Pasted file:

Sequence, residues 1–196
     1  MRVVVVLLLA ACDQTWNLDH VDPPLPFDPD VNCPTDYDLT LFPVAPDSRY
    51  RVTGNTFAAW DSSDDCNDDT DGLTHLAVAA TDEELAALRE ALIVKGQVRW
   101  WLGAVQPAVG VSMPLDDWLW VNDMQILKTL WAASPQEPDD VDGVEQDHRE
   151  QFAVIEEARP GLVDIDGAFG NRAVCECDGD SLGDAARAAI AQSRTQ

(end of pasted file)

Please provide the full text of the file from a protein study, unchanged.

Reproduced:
Sequence, residues 1–196
     1  MRVVVVLLLA ACDQTWNLDH VDPPLPFDPD VNCPTDYDLT LFPVAPDSRY
    51  RVTGNTFAAW DSSDDCNDDT DGLTHLAVAA TDEELAALRE ALIVKGQVRW
   101  WLGAVQPAVG VSMPLDDWLW VNDMQILKTL WAASPQEPDD VDGVEQDHRE
   151  QFAVIEEARP GLVDIDGAFG NRAVCECDGD SLGDAARAAI AQSRTQ